The best thing about Caracas is leaving. Sounds trite, but it is only by taking a bus somewhere else that you find yourself high on the mountains surrounding Caracas and able to get a view of the spectacular natural location of the city. It is in a long valley in steep jungle-covered mountains, but it is so built up with skyscrapers that you get no sense of this from the streets of Caracas.
I stayed in the heart of the historic part of Caracas, overlooking the central Plaza Bolivar. Unfortunately the historic centre consisted of 6 or so historic buildings and lots of tall and modern buildings that are completely unnoteworthy. Every now and then you get a glimpse through the buildings of the mountains and realise the grand location of the city.
I was in Caracas for New Year and expected the streets to be filled with Latin revellers, especially in Plaza Bolivar. But Caracas has a reputation amongst its citizens as very dangerous, and so nobody goes out at night. I was repeatedly getting warned by locals in the street, on the metro, and around that it was "muy peligroso" or very dangerous.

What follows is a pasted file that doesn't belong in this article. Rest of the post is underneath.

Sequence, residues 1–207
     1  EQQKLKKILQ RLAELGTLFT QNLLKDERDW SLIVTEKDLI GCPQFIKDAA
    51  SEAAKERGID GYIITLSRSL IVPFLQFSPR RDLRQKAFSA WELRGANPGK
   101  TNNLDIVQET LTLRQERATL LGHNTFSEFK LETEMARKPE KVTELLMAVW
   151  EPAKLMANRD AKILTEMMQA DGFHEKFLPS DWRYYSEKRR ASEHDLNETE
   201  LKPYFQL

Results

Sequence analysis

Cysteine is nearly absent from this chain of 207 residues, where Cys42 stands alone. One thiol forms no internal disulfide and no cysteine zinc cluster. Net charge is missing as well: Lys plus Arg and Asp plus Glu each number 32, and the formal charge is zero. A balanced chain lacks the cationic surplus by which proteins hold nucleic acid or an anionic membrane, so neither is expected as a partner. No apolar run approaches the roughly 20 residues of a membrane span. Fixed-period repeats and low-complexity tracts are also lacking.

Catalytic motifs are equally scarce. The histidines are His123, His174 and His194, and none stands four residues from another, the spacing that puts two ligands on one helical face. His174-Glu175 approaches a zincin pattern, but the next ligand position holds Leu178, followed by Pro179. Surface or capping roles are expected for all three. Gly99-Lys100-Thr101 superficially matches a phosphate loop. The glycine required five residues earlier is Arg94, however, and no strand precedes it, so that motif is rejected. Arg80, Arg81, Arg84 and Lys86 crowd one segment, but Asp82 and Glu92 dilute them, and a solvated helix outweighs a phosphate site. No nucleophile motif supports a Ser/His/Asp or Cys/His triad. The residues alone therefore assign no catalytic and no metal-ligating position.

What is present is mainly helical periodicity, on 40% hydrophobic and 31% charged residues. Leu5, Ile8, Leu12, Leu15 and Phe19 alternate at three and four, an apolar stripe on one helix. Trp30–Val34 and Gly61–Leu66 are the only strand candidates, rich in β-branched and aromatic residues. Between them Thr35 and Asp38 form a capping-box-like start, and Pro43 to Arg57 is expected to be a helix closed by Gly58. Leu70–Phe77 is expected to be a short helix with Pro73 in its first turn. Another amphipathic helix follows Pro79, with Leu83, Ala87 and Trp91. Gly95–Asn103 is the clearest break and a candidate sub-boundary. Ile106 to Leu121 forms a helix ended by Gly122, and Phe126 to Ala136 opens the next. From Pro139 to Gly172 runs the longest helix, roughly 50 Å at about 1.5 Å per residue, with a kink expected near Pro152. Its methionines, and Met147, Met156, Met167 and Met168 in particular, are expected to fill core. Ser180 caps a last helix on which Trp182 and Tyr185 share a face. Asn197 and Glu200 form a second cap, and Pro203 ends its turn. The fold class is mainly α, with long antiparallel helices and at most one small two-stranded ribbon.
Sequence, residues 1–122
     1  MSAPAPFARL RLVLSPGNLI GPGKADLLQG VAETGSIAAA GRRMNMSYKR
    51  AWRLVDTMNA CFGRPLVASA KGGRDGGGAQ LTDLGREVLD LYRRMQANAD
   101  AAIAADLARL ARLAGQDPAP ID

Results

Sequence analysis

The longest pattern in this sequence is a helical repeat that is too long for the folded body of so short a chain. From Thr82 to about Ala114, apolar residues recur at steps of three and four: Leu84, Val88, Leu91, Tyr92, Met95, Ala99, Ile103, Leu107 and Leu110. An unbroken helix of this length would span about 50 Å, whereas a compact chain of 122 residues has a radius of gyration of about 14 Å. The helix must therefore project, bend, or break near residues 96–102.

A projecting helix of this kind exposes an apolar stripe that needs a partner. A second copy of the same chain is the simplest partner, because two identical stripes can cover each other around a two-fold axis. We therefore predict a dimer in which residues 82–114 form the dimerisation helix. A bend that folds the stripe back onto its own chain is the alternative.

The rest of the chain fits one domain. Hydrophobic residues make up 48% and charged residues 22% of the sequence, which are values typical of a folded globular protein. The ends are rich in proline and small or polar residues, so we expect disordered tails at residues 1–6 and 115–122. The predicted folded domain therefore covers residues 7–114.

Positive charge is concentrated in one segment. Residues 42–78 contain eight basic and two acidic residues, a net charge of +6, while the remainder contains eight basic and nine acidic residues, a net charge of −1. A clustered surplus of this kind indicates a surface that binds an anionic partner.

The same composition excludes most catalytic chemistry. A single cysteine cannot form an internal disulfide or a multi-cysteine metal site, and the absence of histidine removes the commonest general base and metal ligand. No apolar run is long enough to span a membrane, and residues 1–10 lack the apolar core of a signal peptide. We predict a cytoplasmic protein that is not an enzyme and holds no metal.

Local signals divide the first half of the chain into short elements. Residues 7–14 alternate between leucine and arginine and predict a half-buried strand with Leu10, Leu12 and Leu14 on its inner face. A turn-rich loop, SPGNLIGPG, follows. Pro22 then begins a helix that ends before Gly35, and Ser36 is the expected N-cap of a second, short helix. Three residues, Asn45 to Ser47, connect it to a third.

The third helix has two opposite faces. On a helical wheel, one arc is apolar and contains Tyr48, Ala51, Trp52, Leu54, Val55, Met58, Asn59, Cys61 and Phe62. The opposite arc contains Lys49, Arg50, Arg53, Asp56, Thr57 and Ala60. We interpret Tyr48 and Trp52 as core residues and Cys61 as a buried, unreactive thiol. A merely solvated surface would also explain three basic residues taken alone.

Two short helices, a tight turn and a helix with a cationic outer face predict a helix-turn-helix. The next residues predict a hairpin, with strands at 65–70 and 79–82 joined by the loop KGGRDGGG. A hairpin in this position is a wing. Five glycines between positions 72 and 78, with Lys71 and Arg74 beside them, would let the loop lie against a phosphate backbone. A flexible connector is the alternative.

My girlfriend and I ventured out on the street at 11pm, hoping to find at least some place interesting to see in the New Year. Every bar and restaurant was shut - and had been since 6pm - and only a few people were on the street, who continued to warn us that it was "muy peligroso".
The only life we found was from a group of security guards on our street who I guess had to work that night and had brought their families with them so that they could celebrate together. They eagerly invited us to join them, gave us some drinks, then attempted to get us to dance with them. They laughed a lot watching these clumsy gringos dance, but it was good natured. When midnight came, they all gave us a hug and a kiss, then warned us again that it was "muy peligroso" as we went back to our hotel for the night,